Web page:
As Japanese Prime Minister Shinzo Abe welcomed top leaders from both China and South Korea to Tokyo for the first time in seven years, he was forced to tackle an awkward agenda item: North Korea.
Chinese Premier Li Keqiang and South Korean President Moon Jae-in took part in the trilateral summit in Japan’s capital on Wednesday, signaling their intent to lay aside disagreements over territory and history. Such meetings had been an annual event until antagonism over disputed islands boiled over in 2012.
Securing the summit ought to have been a triumph for Abe, who had pushed for the three-way talks as a stepping stone to normalizing ties with Japan’s biggest trading partner, China.
Instead, the regional spotlight has been stolen by North Korea following Kim Jong Un’s breakthrough meeting with Moon last month and the unprecedented summit he plans to hold with US President Donald J. Trump.
The drama intensified on Tuesday as Kim traveled to China for his second meeting with Chinese President Xi Jinping in less than two months, and Trump dispatched US Secretary of State Mike Pompeo to prepare for the upcoming summit.
While China, Japan and South Korea each have an intense interest in resolving the standoff over Kim’s nuclear-weapons program, their differing approaches make it hard to agree on anything substantive.
Abe has hewed closely to Trump’s call for maintaining “maximum pressure” to induce Kim to give up his nuclear weapons and missiles, whereas China and South Korea have sought gestures to encourage compromise by Kim.
“Japan has always been less enthusiastic about North-South rapprochement than other countries in the region,” said Amy King, senior lecturer at the Australian National University. “China and South Korea will need to be able to find ways to reassure Japan that North-South rapprochement will not come at the expense of Japan’s own security,” to reach any substantive agreement, she added.
Abe told reporters after the summit that the three countries agreed that United Nations Security Council resolutions on North Korea must be fully enforced.
He said that the other two leaders understood the need for a swift resolution to the problem of Japanese citizens abducted by North Korea years ago.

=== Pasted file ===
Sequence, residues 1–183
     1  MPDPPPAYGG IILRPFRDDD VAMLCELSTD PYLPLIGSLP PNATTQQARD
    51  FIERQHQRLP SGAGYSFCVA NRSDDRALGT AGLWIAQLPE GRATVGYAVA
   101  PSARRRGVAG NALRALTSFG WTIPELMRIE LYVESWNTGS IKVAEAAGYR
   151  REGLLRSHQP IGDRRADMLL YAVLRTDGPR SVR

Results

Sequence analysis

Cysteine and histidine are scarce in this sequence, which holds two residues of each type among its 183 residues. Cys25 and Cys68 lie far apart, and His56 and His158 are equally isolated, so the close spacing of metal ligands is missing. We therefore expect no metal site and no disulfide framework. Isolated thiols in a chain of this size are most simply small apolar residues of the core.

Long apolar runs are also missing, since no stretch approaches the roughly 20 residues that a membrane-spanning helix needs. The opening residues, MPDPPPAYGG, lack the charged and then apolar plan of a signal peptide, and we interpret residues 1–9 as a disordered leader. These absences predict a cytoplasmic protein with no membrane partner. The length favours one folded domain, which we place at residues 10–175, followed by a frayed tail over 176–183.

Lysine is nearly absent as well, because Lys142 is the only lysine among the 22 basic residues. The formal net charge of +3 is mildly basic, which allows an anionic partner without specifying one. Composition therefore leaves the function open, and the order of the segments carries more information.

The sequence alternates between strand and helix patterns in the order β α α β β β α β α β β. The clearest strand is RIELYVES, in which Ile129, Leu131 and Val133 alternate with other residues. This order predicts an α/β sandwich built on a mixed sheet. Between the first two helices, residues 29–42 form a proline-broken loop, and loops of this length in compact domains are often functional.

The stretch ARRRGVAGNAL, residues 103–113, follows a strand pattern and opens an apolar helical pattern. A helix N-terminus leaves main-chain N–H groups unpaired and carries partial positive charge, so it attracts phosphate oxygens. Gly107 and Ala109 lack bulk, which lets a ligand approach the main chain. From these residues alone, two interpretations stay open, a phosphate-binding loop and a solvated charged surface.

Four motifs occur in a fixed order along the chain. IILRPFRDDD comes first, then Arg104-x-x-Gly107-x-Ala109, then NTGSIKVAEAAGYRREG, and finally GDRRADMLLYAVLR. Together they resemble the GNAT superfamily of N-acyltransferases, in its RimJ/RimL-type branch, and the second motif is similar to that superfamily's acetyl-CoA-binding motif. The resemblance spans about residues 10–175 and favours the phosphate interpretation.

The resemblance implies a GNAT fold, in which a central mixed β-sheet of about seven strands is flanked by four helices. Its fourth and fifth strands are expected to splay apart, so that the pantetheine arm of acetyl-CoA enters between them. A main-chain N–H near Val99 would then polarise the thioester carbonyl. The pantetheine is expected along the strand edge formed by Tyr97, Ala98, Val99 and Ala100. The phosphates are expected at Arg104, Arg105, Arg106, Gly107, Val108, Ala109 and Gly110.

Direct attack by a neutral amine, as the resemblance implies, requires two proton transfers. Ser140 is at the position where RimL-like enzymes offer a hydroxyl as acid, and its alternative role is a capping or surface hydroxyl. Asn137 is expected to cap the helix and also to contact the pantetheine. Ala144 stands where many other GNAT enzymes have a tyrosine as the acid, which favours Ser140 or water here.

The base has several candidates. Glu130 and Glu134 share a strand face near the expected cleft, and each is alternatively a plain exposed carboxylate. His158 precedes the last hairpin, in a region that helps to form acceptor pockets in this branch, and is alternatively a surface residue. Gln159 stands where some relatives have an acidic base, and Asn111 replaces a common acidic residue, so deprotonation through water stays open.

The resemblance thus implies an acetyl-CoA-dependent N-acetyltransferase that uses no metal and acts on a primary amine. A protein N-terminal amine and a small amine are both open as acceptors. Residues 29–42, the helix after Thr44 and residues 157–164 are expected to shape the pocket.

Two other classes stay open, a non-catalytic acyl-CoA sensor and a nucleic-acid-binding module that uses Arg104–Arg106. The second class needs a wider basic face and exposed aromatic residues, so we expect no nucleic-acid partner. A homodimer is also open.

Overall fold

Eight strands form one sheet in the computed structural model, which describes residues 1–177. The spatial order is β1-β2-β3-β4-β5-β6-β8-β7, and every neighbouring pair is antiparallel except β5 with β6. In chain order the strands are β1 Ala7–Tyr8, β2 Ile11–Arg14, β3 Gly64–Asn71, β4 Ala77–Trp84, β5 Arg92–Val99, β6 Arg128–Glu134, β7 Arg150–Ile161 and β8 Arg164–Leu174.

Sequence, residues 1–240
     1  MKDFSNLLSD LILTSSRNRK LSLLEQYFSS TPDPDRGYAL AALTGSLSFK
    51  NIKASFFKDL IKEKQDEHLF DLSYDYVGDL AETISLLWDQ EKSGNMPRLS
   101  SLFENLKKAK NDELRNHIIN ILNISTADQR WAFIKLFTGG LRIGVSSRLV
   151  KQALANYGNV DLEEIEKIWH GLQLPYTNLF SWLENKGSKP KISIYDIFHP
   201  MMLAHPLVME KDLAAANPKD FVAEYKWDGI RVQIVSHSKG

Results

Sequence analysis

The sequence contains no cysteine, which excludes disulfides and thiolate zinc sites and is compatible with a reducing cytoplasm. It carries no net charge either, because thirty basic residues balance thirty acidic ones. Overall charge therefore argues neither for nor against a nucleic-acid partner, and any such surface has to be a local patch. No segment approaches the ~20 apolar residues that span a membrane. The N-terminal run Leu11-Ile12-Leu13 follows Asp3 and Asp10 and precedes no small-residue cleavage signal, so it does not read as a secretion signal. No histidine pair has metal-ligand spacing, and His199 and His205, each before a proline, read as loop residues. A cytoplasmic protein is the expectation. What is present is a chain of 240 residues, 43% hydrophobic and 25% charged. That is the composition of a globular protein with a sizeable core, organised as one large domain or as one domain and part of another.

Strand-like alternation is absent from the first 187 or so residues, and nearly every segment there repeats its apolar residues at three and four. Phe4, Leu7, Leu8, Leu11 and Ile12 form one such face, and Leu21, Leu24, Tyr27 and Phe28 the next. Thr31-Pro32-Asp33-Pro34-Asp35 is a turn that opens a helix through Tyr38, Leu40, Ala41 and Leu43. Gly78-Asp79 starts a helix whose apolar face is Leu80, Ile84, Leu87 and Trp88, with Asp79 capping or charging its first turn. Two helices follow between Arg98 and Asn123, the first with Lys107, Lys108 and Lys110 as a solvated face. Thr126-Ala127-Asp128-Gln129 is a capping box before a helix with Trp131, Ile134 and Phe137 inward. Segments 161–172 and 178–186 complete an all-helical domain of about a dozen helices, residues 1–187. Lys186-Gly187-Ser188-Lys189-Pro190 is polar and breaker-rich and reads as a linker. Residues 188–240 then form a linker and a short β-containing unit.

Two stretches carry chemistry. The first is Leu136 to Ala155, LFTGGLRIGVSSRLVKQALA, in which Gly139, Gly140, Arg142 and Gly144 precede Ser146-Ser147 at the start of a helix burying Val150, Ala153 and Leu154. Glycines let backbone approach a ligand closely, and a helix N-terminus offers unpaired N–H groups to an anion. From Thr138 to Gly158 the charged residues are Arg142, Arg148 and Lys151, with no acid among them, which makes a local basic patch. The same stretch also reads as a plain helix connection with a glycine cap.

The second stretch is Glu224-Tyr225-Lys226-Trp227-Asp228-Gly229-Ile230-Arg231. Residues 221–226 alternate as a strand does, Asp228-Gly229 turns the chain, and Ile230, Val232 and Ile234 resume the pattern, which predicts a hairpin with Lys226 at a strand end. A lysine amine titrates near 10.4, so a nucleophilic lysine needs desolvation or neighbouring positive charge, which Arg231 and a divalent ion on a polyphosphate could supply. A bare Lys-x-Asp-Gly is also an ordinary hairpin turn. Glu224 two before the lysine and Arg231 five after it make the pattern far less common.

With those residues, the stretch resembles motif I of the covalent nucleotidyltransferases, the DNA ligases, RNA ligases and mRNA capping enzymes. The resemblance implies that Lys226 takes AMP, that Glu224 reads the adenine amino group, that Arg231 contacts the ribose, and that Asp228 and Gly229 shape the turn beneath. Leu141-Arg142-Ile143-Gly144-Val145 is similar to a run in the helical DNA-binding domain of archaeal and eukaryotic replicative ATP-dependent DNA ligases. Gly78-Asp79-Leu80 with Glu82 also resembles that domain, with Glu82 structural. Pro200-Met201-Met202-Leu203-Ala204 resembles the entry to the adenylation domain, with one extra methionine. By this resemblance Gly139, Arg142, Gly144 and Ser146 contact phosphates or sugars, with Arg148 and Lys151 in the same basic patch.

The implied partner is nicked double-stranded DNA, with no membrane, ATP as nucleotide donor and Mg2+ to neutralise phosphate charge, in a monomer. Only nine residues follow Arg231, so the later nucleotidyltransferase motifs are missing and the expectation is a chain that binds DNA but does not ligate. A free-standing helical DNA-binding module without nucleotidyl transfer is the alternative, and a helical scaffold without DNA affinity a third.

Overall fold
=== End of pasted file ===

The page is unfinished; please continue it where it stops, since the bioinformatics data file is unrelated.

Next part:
“We must step up cooperation with the international community to make sure the current momentum toward complete denuclearization and stability in Northeast Asia leads to concrete action by North Korea,” Abe said.
He reiterated Japan would be willing to consider normalizing ties with North Korea, if the problems of its nuclear weapons, missiles and abductions were resolved.
For his part, Li called for joint efforts to speed up talks on a three-way free-trade agreement and the 16-member Regional Comprehensive Economic Partnership trade deal, China’s official Xinhua News Agency said. The trio, which account for about one-fifth of global economic output, also agreed to step up cooperation on regional infrastructure.
More progress is expected from Abe’s one-on-one summit with Li, which the Japanese leader wants to use as a springboard for a trip to Beijing and an eventual visit by Xi to Japan.
While Moon departs within the day, Li has been given the status of an official guest, and he and Abe will visit the northern island of Hokkaido together as part of a leisurely trip that runs through Friday.
The two will agree on a series of projects, Japanese media have reported, from a transfer of crested ibises to the launch of a maritime and air communications mechanism aimed at avoiding unintended military clashes at sea.
They will sign a deal on resuming currency swaps, and China will grant Japan investment quotas in its bond and equity markets, Li said in an essay published in Japan’s Asahi newspaper.
Tensions between China and Japan escalated in 2012, when Japan nationalized part of a chain of disputed islands close to Taiwan.
The move sparked sometimes violent anti-Japanese demonstrations in China, and damaged trade and investment ties between Asia’s two biggest economies. Since then, a slow thaw in the relationship has allowed Abe to meet with Xi on the sidelines of international conferences.
The week’s events are likely to provide a welcome domestic boost for Abe, whose voter support has been damaged by a series of scandals ahead of an election for leadership of his ruling Liberal Democratic Party in September.
“The summit’s main deliverable is the fact that these proud countries are talking,” said Giulio Pugliese, a lecturer at King’s College London and author of a book on China-Japanese ties. “That is a positive in itself.”